Paris | Alcaraz and Sinner succeed on a rainy day.

Rain, rain and more rain spoilt the fourth day of the French Open forcing the five matches on the outside courts which opened play in the morning, to be suspended without completing a set. They were never recalled meaning all the action was centred on the two main courts with a retractable roof resulting in only five of the second-round matches were completed with 11 having to be rescheduled.

You have to be really focused on every match and every point in every round, it doesn’t matter that I’m at the top of the rankings playing someone that is outside of the top 100 Carlos Alcaraz

Amongst those which did make progress was the Carlos Alcaraz encounter with the Dutchman Jesper de Jong which proved a very testing affair for the 21-year-old Spaniard.

For much of the match, Alcaraz, seeded three, outclassed his 23-year-old opponent but he showed some vulnerability as the Dutchman struck back in the third before eventually, after battling over three hours, capitulated 6-3 6-4 2-6 6-2.

De Jong, a qualifier playing in only his second grand slam and had required five sets to oust Jack Draper in the opening round, was outclassed in the first two sets, but thanks to some brilliant shot-making, he made a match of it breaking Alcaraz twice in the third and then even going up a break 2-1 in the fourth!

Alcaraz, though, recovered his poise and took control to pocket the five consecutive games to settle the match.

There was no doubt that Alcaraz was a bit rusty, reflected in the match stats where he recorded 47 unforced errors but did manage 35 winners.

“This kind of tournament – every player can put you in trouble,” Alcaraz said afterwards.

“You have to be really focused on every match and every point in every round, it doesn’t matter that I’m at the top of the rankings playing someone that is outside of the top 100.

“You have to think that you should play at your best if you want to get through. Obviously, the ranking doesn’t matter. What matters is the work that he puts in, and he has the level to keep going, and I’m sure he’s going to break the top 100.

“In the first set, I knew that I had to forget about putting on a show and try to put myself in with a chance of being in the rally – five, six, seven balls in a point – it was difficult for me to do it.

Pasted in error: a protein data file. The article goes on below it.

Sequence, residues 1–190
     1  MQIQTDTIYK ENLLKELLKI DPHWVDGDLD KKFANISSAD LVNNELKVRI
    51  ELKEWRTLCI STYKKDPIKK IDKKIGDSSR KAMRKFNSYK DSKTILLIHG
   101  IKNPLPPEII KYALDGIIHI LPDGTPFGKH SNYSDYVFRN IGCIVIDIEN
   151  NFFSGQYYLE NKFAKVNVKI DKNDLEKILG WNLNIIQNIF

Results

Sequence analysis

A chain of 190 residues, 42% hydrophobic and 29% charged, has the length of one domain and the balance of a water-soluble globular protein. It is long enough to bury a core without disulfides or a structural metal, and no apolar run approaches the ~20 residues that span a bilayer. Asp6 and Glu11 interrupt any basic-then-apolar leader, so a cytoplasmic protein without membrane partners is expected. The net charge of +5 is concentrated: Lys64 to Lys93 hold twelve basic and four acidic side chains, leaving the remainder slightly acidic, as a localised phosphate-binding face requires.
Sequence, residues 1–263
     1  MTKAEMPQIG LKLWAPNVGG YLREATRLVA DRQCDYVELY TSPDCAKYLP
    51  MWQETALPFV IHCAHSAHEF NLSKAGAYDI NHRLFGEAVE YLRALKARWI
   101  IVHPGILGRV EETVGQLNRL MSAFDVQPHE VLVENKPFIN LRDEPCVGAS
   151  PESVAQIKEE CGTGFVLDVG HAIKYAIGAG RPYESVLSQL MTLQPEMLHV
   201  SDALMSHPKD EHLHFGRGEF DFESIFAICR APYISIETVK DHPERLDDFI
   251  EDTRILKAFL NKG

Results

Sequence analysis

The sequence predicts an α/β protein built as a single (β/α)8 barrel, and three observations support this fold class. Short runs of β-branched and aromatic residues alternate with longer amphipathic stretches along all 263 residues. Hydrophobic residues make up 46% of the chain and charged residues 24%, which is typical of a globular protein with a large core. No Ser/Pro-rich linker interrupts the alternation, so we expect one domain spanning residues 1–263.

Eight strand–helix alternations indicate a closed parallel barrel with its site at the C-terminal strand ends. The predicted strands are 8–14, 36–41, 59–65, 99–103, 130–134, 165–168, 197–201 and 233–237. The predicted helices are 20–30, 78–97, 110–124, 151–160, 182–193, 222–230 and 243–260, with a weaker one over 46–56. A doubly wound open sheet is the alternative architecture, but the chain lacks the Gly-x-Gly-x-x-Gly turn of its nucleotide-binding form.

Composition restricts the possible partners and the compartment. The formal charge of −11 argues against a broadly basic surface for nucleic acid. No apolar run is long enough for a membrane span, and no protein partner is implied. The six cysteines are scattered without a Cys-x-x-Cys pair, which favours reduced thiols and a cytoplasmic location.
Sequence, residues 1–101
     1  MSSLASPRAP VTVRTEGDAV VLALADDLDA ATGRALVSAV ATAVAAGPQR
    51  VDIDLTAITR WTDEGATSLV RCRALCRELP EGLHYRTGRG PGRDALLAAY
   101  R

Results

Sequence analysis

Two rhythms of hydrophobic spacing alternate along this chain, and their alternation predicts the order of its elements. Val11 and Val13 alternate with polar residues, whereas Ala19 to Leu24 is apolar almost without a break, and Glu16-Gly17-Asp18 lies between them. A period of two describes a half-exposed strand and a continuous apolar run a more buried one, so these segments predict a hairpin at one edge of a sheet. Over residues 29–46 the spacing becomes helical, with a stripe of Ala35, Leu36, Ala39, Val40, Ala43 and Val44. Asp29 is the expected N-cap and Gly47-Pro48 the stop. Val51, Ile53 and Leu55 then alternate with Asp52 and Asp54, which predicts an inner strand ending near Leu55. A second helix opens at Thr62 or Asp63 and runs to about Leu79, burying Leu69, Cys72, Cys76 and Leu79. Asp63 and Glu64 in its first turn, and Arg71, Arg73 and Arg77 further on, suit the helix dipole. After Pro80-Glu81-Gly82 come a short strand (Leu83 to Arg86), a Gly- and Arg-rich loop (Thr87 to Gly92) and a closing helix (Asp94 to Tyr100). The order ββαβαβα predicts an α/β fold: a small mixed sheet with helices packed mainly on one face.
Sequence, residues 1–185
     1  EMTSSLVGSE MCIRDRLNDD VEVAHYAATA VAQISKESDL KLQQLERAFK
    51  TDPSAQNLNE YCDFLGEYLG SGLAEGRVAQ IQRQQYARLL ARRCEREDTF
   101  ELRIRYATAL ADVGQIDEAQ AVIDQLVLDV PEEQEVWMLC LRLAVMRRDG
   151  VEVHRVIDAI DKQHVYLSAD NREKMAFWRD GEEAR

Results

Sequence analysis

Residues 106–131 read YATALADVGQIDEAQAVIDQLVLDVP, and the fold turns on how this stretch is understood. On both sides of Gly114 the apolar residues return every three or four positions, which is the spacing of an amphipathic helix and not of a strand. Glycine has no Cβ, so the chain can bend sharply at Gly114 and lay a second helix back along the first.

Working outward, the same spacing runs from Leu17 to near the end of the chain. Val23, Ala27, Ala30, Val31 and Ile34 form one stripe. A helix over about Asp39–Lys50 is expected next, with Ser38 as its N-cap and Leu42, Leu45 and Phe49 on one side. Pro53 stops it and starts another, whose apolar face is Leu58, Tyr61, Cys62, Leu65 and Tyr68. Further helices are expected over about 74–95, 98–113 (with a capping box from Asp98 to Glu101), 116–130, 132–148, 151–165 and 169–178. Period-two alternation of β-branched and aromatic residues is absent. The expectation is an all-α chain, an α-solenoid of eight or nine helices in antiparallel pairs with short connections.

“I was in trouble a little bit, and I had to do it at the end. The whole match, Jesper and I made some great drop shots, but I think he did it better than me.

“I’d rather not spend too much time on the court. I really want to be in good shape for the next round, but every match is different. One match can be an hour and a half, the next is three hours. It’s good for me to get the rhythm, but I’d rather spend less hours on court.”


Jannik Sinner was hampered by cramp

(Photo by Clive Mason/Getty Images)

One of Alcaraz’s main rivals, Jannik Sinner, was in action in the evening schedule and he had a much more comfortable passage through to round three.

The pair are scheduled to meet in the semi-finals which if they survive through to the last four, could produce one of the matches of the tournament.

Meanwhile Sinner, the 21-year-old Italian who won the Australian Open title last January, cruised past French veteran Richard Gasquet 6-4 6-2 6-4 but, remembering that he is recovering from a hip injury, seemed to be struggling a bit with cramp or some leg issues. Hopefully its just a matter of getting back into the swing of competition.

Speaking after his win, he acknowledged the support the crowd had been giving his opponent.

“The atmosphere has been amazing. I know you guys were cheering for Richard, but it has been a very, very fair crowd,” Sinner said. “He gave as a player, and still gives so much for tennis. It’s so nice to have him around … he’s still playing incredible tennis.”

The other results saw Greek star, Stefanos Tsitsipas eased past the dangerous German Daniel Altmaier 6-3 6-2 6-7(2, 6-4. Altmaier led with a break 4-3 in the fourth before dropping three of the final four games.

He was joined by Russia’s Andrey Rublev, seeded six, who dismissed Spain’s Pedro Martinez 6-3 6-4 6-3 and finally, Russia’s Pavel Kotov eliminated 2015 champion Stan Wawrinka 7-6(5) 6-4 1-6 7-6(5) in a match which finished after midnight.


Stefanos Tsitsipas survived a tough four setter

(Photo by Dan Istitene/Getty Images)



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